If not, why not respond? If so, why so?

    Lastly, I'm not certain how asking to be freed of the strictures of set of rules handed down from charismatic religious leaders of the middle east (regardless of a 4000, 2000, 1000 or 10 year pedigree) came to be construed as "Do as thou wilt: this shall be the whole of the law."
    Clearly, I owe great responsibility and respect towards society - that is, the living, breathing, flesh-and-blood humans surrounding me. I owe a varied measure of loyalty and deference towards some of the groups and structures these humans group themselves together in, mostly to the extent that these groups respect the rights of those people within and without them.
    I owe no loyalty or respect whatsoever to any dictatorship, earthly or otherwise, that treats humans as its property (however cherished), and regards its judgments as inflexible rules overriding any and all rights of those within its power.
    Such a dictatorship might very well have the power to cow me like Winston Smith, or send me to hell or Siberia for my thought crimes, but this power does not grant it the right.

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  6. "someone who believes in God is a theist
    -someone who believes that God does not exist is an anti-theist
    -someone who does not believe in God is an atheist"

    Clarification - Someone who believes in a God can be a theist or a deist. The difference being a theist believes God continues to interact with creation, not so with aa deist. Note that the "proofs" or God's existence only go as far as deism, theism is a completely different issue.

    As to your distinction between atheist and anti-thiest, it's not clear. Also what about agnostic. Technically, all atheists are agnostic (and most will admit it). But they are practical atheists just like all of us are practical atheists about Zeus, Ra, Apollo et. al.

    Anti-theist is generally held by someone who doesn't want there to be a God, atheists and agnostics are just waiting for any evidence for a God or Gods.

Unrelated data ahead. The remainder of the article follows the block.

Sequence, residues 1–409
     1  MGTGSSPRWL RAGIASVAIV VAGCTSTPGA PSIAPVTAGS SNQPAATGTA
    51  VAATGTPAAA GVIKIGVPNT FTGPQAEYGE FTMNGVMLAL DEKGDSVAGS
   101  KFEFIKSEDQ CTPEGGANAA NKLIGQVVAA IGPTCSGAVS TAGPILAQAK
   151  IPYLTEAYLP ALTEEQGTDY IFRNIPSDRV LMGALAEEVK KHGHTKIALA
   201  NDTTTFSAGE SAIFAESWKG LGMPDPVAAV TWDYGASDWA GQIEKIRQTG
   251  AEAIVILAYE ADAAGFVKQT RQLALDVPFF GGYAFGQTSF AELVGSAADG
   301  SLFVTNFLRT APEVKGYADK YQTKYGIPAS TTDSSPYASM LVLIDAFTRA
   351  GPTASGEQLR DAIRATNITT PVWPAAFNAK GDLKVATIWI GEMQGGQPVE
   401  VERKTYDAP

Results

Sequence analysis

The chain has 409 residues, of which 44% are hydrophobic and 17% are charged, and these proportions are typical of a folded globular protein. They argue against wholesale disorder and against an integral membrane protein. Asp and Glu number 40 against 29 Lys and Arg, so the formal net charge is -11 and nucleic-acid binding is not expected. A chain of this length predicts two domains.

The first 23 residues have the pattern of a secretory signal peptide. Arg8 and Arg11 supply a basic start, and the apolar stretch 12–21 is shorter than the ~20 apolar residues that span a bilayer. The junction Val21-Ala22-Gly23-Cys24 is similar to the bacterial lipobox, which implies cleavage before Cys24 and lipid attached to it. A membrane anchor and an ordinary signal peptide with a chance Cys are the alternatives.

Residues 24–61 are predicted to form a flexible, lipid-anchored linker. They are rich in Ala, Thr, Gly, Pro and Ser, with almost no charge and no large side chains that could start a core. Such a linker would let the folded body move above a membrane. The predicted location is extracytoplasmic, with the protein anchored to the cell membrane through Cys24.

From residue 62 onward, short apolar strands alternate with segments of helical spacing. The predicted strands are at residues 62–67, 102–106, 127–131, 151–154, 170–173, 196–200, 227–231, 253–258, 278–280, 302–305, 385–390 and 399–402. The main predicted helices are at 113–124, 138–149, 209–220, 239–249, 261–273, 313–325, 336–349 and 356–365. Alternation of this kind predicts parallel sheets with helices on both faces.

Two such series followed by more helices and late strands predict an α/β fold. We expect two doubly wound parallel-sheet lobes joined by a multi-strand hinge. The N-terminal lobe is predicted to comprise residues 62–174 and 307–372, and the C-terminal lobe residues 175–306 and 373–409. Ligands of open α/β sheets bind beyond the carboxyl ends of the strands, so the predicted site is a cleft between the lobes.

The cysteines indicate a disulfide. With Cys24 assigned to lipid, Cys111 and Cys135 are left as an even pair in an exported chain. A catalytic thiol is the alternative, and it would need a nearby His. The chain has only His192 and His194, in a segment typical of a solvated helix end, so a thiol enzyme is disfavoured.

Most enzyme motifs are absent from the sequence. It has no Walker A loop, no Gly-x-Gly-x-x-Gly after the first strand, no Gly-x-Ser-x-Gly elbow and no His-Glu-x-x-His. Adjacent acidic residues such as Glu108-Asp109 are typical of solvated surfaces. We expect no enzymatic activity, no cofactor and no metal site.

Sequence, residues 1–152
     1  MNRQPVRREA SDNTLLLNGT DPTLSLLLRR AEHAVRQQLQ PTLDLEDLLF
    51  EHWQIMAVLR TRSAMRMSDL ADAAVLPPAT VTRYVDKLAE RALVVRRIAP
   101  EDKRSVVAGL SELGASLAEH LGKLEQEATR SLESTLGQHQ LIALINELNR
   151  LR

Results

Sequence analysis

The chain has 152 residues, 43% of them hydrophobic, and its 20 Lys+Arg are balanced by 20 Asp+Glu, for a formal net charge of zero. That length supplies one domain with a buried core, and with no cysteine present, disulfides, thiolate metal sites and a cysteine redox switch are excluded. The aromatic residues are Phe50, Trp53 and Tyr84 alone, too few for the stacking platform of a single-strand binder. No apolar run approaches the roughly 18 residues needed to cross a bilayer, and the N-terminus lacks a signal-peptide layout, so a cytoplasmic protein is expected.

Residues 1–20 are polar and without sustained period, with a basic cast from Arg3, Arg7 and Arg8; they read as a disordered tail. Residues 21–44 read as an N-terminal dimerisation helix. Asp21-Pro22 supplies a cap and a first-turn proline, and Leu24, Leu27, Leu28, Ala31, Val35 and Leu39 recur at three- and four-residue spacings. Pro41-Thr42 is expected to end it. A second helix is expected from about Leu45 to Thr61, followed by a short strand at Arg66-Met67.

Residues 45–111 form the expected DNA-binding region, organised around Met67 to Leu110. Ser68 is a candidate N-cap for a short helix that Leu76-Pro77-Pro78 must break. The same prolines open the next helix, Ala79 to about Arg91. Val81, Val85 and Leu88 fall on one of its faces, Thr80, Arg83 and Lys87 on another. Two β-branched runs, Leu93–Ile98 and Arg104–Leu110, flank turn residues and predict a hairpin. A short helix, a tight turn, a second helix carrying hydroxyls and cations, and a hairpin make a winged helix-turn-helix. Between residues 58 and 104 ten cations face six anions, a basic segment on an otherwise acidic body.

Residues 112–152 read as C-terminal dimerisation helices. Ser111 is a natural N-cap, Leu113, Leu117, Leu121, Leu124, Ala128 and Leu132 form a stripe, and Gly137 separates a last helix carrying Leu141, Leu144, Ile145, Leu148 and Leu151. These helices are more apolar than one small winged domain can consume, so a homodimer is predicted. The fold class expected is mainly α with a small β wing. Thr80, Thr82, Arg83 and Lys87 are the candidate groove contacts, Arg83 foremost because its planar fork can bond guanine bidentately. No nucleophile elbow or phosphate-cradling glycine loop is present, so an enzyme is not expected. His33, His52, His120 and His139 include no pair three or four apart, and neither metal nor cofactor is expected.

As for the "enemy", maybe promoters of religions should concentrate on defining God first and determining that God's concept of good and evil instead of "attacking" non believers. All we're saying is that there is no evidence to support your hypothesis.

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  7. Larry Green04 January, 2011

    It seems to me that as they say on sesame street " one of these three are unlike the others.One of them just don't belong here."
    The term “ theist” and the term “ atheist ”designate an expression of belief and/or disbelief - however one would prefer to state it. If I am to be truthful I must say that I have no means by which I can verify to what degree I believe in the existence of God but I can say with greater certainty that I do not believe that God does not exist. This “non belief” could spring from indifference but it is no more a passivity than the activity of the obverse. The obverse form is easier to check partly because it requires much less effort and thought. It still is however the same as saying that I do believe in the existence of God even though it gives no indication to what degree. I don’t know how many human beings are capable of totally believing and continuously in the existence of God therefore to suggest that the term “atheist” merely designates an expression of passive disbelief essentially lumps us all together as atheists to varying degrees. If one truly “ believes not” in the existence of God then one does believe that God does not exist.

    Anti -theist does not designate an expression of belief at all but rather an “active opposition” to anyone believing in a God.
    The understanding of God is above human comprehension therefore any concept or image we have of what “God is” is a myth and there can be no wrong one or no right one. We cannot be equally right about our different ideas of God but we can be sure that we are equally wrong.

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  8. Larry:

    I'm not certain I fully understand your post, so I wanted to ask a couple of clarifying questions. If I am reading your first paragraph correctly, you appear to be stating that if someone holds the position that a phenomena is 'not proved', they still, to some extent believe in it - that is, they cannot be an 'atheist' in regards to it. If this is the case, would you accept the statement that you believe in, say, faeries at the bottom of the garden, or Jedi mind powers? Is it your argument that a christian can never truly disbelieve in (for example) Allah or Ganesha? How about Thoth or the Flying Spaghetti Monster?